Today’s news:

Crowded field of candidates down to 10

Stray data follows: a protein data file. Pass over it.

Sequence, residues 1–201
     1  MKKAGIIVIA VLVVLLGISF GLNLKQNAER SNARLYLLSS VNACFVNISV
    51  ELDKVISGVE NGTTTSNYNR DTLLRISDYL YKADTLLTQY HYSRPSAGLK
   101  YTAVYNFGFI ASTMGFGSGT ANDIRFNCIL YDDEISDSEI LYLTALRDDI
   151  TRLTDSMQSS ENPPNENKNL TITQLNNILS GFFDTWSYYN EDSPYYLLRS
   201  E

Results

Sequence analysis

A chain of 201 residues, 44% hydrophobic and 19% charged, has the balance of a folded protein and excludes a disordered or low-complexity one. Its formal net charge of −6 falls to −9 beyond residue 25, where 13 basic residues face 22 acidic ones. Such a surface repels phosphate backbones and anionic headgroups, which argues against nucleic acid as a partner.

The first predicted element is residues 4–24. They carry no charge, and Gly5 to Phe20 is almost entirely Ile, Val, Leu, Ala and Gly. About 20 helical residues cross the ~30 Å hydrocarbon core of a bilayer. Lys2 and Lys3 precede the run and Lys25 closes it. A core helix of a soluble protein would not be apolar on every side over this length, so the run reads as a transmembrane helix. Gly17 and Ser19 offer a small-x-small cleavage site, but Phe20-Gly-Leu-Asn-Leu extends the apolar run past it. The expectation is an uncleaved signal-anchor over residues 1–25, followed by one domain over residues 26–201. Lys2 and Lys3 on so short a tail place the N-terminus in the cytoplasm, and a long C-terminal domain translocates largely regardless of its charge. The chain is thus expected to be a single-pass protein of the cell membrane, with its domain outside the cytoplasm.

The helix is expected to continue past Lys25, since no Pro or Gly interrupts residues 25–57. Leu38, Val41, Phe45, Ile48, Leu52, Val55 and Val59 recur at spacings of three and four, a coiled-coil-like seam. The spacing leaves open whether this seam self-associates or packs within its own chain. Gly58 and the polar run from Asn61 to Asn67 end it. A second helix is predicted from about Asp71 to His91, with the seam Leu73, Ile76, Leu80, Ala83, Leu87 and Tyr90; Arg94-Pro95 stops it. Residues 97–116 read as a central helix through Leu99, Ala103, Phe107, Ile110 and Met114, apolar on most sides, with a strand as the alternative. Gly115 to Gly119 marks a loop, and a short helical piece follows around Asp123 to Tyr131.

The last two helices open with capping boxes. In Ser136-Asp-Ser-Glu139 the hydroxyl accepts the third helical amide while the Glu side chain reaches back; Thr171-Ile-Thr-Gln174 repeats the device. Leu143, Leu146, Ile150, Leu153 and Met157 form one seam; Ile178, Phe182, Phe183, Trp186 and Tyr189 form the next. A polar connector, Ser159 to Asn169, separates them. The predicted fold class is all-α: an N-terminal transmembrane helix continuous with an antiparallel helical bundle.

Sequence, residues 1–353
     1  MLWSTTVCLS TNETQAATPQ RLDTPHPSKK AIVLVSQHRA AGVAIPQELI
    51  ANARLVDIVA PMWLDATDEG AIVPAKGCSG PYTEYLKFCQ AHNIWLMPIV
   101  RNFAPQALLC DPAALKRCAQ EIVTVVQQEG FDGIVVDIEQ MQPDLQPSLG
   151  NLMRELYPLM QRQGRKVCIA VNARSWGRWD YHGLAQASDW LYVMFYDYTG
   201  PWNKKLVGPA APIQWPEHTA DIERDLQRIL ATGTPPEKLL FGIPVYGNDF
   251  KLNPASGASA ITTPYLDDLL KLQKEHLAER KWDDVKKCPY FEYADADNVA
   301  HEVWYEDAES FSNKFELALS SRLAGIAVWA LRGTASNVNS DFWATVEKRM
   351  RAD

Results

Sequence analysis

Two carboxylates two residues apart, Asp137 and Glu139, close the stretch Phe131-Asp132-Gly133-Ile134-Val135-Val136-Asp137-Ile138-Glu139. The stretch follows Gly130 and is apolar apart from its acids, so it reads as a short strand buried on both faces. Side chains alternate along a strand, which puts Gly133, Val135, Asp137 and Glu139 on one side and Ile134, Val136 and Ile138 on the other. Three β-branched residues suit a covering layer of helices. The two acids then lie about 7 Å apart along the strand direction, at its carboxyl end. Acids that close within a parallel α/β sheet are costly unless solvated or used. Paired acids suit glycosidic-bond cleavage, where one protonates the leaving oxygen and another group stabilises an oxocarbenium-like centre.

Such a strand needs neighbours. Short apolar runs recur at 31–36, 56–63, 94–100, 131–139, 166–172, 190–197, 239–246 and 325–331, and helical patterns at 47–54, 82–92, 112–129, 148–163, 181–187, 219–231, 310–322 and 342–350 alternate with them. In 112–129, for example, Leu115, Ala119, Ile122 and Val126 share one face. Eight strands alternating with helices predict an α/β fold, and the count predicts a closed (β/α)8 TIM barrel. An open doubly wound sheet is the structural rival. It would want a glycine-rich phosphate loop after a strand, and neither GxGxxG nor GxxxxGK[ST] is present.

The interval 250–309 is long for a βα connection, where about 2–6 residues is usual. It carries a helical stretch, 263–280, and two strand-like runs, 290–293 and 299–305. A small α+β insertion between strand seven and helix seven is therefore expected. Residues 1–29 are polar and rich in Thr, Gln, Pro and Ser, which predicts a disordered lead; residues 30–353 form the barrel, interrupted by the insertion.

And then there were 10. Challenges upheld by the New York City Board of Elections at the end of last month have reduced the number of candidates in the race to fill the vacant seat in the 40th Councilmanic District, with a scant three weeks remaining until the February 20th special election. Dropped from the ballot were Mozell Albright, Gerry Hopkins and Ferdinand Zizi, narrowing the field slightly. The remaining candidates are Mathieu Eugene, Karlene Gordon, Jesse Hamilton, Jennifer James, Zenobia McNally, Mohammad “Moe” Razvi, Harry Schiffman, Wellington Sharpe, Joel Toney and Leithland “Rickie” Tulloch, all of whom hope to snag the seat once held by Yvette Clarke, who moved on to Congress on January 1st. Such a wide field makes it more difficult for any one candidate to emerge as a favorite, noted one political insider. Thus, candidates are relying on endorsements from elected officials and unions, and get-out-the-vote operations to put them over the top in an election that some estimate could be won with as few as between 600 and 1,500 votes in one candidate’s column. Most of the elected officials from the area have made endorsements. Yvette Clarke and her mother, Una Clarke (who held the seat before her), have come down in Eugene’s camp. City Councilmember Kendall Stewart is backing Sharpe. Sharpe also has the support of two out-of-area electeds: City Councilmembers Lew Fidler and Domenic Recchia. One of the earliest endorsements came from Assemblymember Rhoda Jacobs, who is supporting Tulloch. Another early endorsement came from City Councilmember Charles Barron, who backed Hopkins (who is off the ballot, as of this writing). The most recent endorsement from an elected official was for James, with State Senator Kevin Parker coming out for her at a press conference where ACORN Executive Director Bertha Lewis also announced the advocacy group’s support for James’ candidacy. In the meantime, other endorsements have also been coming in. Hamilton got the backing of DC 37, not surprisingly, since he has been a DC 37 member for 21 years, and McNally received the endorsement of the Lambda Independent Democrats (LID). While the field is large, the race resembles, “A very traditional Democratic primary,” noted Parker. Given the short period of time for campaigning, he added, victory, “Is really about name recognition and about the ability to have an operation. Door to door wins the war,” Parker added. His backing for James, Parker went on, reflects the reality that she has put together a top-notch team, headed up by former Deputy Mayor Bill Lynch and had raised a great deal of money. It also reflects, he said, his belief that she will be able to bring a “progressive voice” to city government. “I wasn’t trying to get someone I could run. I want someone I can partner with,” Parker said. In the meantime, LID President Gary Parker praised McNally in a written statement. “She will provide leadership on the issues of importance to LGBT constituents as well as leadership on important policy issues like affordable housing and education, he said. “She is the right candidate to follow Yvette Clarke’s advocacy for Caribbean New Yorkers and all Brooklynites.” While most area elected officials have announced support for one candidate or another, Assemblymember Nick Perry has stayed out of the fray. “This is not my cup of tea,” he noted during a phone interview. “I don’t want to be in conflict with the congresswoman I helped elect.” In addition, he said, “I have so many I consider friends and acquaintances running that I think the wise and prudent thing to do is not get in the face of your friends. “I am saving my endorsement for the big race in September,” Perry added, a reference to the fact that whoever emerges victorious later this month will hold the seat only until the end of this year. He or she will have to run again in a Democratic primary in September, with petitioning beginning in June, as well as in a general election in November.

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